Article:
berry picking, culinary uses of rosehips, foraging, medicinal uses of rosehips, Rosa acicularis, rose hips, rosehips
This evening, Lucy and I took our time on our walk and I picked rosehips. I always know that summer is nearly over and autumn is just beginning when the wild rose bushes are covered with the small, scarlet fruit. Usually it is best to harvest rosehips after the first frost when they are sweetest, but I had noticed that the deep red fruits were beginning to dry out and wrinkle so I thought I had better pick them sooner rather than later.
Rose hips contain iron, calcium, phosphorus and flavinoids. They are richer than oranges in vitamin C. In fact, according to Beverley Gray, 3 rosehips contain the same amount of vitamin C as an orange. It is not surprising to learn that during the Second World War, British soldiers gathered huge quantities of rosehips when they could no longer import citrus fruits.
Be careful not to eat the seeds as they are covered with fine, silvery hairs which can cause digestive problems if ingested. Cut the hips in half and scrape clean.
Rosehips can be used whole in teas and syrups (crush the fruit then steep in hot water for 15-20 minutes, then strain the liquid), or made into jams and jellies. They can also be dried (cut in half and remove seeds first) then later ground into a powder and added to other wild tea blends.
Dried seedless rose hips make a delicious and easy-to-prepare jam. Simply cover them with fresh apple juice and let them soak overnight. The next day, the jam will be ready to eat. Cinnamon and other spices can add more flavor, but the jam is quite good as it is. ~ Rosemary Gladstar
- treat anemia
- treat menstrual cramping (antispasmodic)
- for bladder or kidney irritations (antibacterial)
- excellent heart tonic (bioflavinoids)
- to strengthens capillaries and treat varicose veins and hemorrhoids (bioflavinoids)
- help regulate blood circulation
- relieve teething symptoms (give 4 to drops of the syrup every hour for infants)
Rosehip seed oil is available commercially and is very high in essential fatty acids. According to Stephanie Tourles, this makes it “ideal for mature, environmentally-damaged, prematurely aged and devitalized skin”. Add the oil to you homemade creams and lotions.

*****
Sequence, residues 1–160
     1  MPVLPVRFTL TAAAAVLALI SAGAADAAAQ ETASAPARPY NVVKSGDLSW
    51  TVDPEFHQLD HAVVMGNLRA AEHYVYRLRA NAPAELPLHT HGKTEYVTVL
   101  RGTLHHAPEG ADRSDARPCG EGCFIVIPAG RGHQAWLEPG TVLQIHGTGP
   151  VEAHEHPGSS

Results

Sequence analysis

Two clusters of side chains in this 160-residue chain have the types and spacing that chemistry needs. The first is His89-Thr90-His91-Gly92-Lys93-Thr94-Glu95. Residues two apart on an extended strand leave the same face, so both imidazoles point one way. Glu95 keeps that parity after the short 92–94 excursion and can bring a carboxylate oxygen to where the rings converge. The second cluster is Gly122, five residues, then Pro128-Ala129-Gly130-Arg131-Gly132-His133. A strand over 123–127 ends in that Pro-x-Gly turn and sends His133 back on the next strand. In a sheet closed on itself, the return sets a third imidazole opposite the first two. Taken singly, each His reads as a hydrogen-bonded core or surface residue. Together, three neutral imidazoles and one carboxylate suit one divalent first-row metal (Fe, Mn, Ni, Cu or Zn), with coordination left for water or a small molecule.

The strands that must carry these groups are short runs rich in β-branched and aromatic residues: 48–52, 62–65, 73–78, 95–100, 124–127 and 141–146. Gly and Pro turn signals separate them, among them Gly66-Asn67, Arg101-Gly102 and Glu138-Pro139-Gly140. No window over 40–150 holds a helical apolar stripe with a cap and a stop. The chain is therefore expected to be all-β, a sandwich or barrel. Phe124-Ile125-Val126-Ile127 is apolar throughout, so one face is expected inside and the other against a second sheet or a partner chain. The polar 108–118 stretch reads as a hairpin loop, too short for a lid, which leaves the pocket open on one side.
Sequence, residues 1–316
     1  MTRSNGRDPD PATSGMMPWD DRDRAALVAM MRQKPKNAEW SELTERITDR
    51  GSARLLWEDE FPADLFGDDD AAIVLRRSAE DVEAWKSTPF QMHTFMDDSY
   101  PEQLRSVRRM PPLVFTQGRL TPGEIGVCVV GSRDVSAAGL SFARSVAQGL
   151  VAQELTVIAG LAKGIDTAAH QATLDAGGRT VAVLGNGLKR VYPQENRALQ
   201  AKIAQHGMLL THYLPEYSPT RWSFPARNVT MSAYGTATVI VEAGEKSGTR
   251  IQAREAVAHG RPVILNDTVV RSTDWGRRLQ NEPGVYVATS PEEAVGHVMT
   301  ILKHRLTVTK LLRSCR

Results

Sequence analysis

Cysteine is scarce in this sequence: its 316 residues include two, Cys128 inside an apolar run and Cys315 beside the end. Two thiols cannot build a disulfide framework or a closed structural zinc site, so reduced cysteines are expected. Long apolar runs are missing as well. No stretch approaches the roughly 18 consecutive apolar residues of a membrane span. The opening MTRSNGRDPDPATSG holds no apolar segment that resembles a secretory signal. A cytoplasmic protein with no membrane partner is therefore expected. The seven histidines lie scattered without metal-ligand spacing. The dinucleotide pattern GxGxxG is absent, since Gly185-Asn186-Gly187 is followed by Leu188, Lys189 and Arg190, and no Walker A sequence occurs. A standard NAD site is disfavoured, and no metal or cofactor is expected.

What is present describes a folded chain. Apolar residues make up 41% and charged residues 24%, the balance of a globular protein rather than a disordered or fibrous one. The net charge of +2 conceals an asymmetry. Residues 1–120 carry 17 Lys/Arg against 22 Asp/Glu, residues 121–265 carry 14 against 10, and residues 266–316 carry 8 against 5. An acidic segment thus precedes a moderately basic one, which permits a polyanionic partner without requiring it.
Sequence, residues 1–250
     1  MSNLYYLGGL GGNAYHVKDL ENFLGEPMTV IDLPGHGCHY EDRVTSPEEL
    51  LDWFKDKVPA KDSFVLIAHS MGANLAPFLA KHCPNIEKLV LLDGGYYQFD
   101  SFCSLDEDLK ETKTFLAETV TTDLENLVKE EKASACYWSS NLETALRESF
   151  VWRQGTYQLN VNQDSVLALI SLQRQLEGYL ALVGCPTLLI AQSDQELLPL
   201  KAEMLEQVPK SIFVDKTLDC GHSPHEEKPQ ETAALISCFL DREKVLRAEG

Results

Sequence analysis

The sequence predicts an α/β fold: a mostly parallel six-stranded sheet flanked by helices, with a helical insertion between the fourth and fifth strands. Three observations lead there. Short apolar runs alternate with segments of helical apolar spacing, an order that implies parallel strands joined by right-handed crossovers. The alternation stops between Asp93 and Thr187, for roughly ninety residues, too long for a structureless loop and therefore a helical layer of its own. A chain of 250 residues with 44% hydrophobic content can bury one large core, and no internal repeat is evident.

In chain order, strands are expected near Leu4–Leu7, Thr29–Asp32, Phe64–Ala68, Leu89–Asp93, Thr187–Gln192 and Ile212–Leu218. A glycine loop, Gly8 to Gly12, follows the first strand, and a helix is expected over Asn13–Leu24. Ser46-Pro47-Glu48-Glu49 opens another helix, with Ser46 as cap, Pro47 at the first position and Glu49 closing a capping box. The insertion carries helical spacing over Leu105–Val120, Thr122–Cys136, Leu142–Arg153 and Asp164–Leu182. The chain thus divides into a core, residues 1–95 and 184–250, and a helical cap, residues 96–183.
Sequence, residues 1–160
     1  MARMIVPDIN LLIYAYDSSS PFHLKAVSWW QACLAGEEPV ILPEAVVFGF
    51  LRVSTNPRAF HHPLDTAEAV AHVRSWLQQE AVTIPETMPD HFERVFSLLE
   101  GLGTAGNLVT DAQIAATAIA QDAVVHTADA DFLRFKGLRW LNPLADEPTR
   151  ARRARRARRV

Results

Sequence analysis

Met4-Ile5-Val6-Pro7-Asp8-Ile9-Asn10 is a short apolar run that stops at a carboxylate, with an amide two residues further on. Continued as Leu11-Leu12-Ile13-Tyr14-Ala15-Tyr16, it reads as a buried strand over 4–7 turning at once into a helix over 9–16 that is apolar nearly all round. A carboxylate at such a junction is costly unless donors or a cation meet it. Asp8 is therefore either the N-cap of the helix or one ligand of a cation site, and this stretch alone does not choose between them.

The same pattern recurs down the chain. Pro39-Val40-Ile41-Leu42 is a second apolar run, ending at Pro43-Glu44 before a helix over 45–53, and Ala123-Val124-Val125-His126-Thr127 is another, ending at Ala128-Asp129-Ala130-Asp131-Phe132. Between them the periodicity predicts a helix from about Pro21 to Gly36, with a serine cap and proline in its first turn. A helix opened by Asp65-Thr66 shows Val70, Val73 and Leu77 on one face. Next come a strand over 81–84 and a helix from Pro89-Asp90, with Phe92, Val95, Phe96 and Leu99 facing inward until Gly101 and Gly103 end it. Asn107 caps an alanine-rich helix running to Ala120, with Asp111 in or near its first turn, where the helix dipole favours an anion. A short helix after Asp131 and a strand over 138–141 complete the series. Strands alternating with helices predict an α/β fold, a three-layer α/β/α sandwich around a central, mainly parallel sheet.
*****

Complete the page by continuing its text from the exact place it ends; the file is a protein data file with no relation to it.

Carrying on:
Pop in tomorrow and I’ll share my rosehip jelly recipe. I may also try Beverley Gray’s recipe for rosehip syrup with brandy. See you then!
Bennett, J. (1991). Berries. Camden House: Camden East, ON.
Gladstar, R. (2001). Rosemary Gladstar’s Herbal Recipes for Vibrant Health: 175 teas, tonics, oils, salves, tinctures, and other Natural Remedies for the Entire Family. Storey Publishing, North Adams, MA.
Gray, B. (2011). The boreal herbal: wild food and medicine plants of the north; a guide to harvesting, preserving, and preparing. Aroma Borealis Press: Whitehorse, Yukon.
Stewart, H. (1981). Drink in the wild. Douglas & McIntyre: Vancouver, BC.
Tourles, S. (20070. Organic body care recipes: 175 homemade herbal formulas for glowing skin & vibrant self. Storey Publishing: North Adams, MA.
funny, Copper and I were picking rose hips for tea yesterday too! I was away for a week and noticed that the plump fruit were starting to shrivel as well. My problem is that he absolutely loves them! he eats so many that I worry if it is irritating to dogs digestive system as well? Did you come across any info as to what the seeds do exactly?
Hi Carmon! The seeds are indigestible and when they are passed, the hairs on the seeds give us ‘itchy bum’…. That’s what I read. 🙂
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